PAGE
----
His post was prompted, in part, by the Gloria Steinem piece Nora posted about last week. “We have a way of becoming the stories we tell ourselves.” Scott said, and provided some pictorial evidence. Travel on over to his blog to see.

Not long after, author and friend Claire Light posted a response:

Not to be down on Scott Westerfeld, [...] but his recent blog post [...] needs some complications added to it.
[...]
The black man inserted into a white couple says, “Our brand is diverse!” whatever that means. The missing black woman, if she were to appear, would say, “We’re selling to blacks and whites equally!” which is not what most commercials want to say. Most want to say, “Hey, liberal white guilt dollars! Flow this way!”
[...]
There’s a fuck of a lot more missing than a black woman. In commercials, one black man is shorthand for all color (i.e. the black woman is not so much missing as unnecessary, since the black man is standing in for her … and the Asian man, and the Asian woman, and the Latin@, and the …)
[...]
the MBWF, a white fantasy scenario, is leaving out a much more complicated, and truly diverse, group of people because that would complicate and diversify the white audience’s social scene, rather than placating them for having a mostly white peer group. So it’s a bit more complicated than just a missing black woman. If we’re going to look at negative space, let’s really look at it.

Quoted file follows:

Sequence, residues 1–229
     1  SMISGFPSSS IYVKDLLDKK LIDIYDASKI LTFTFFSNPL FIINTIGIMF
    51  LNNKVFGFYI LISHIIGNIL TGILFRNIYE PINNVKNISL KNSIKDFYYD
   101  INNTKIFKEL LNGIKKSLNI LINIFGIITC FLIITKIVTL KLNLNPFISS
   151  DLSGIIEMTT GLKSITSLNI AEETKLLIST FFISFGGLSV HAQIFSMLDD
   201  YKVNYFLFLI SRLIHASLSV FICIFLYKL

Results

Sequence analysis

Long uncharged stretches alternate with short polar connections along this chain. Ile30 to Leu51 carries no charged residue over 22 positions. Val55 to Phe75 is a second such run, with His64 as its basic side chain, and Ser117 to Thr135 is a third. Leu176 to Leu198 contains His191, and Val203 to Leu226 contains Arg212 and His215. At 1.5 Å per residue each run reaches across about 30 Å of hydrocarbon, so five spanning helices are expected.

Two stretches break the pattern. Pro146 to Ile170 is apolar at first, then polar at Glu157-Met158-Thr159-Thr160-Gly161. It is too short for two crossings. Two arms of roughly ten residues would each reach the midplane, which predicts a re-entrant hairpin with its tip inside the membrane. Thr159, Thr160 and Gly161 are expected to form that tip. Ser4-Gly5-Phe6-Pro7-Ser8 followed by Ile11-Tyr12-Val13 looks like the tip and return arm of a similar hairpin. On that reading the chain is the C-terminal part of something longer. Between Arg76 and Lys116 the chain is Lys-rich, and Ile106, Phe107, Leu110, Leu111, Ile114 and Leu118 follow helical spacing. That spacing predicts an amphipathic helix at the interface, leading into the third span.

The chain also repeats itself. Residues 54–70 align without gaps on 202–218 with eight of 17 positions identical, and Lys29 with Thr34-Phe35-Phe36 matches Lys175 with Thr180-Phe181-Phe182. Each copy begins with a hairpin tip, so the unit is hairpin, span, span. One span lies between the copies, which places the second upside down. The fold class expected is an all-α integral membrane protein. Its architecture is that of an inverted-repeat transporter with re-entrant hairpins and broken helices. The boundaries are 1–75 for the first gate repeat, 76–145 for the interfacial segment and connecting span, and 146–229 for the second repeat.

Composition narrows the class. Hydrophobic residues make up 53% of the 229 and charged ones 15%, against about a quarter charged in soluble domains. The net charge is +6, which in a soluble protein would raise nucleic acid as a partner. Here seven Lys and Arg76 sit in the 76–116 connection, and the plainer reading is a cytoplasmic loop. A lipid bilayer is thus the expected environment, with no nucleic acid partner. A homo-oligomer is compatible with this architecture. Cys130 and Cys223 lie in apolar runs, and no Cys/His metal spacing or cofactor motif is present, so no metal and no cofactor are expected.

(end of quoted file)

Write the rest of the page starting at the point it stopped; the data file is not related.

There is also a very, very interesting discussion of bi-and mixed-raciality and how both white and POC perception of that affects how we see/code/react to folks like Keanu Reeves and Barack Obama.

To Claire’s point about the fact that it’s not just a black woman missing in most of these scenarios, but that the black man is standing in for all minorities everywhere–I definitely get that impression. Just thinking of the Clinton/Obama/Edwards formation, it wouldn’t have surprised me if, in the early days, a black woman had made a bid for president and she was shut out because we already had the minority candidate.

It’s reminiscent of the idea that there’s one slot for minorities, and once it’s filled all other minorities are unnecessary. Whether it be in a company, on a TV show, in a community (who’s the next Octavia Butler, anyone? There can be only one!), or in a group of “friends”. It’s some kind of warped version of Affirmative Action that’s neither Affirmative nor Action. Discuss.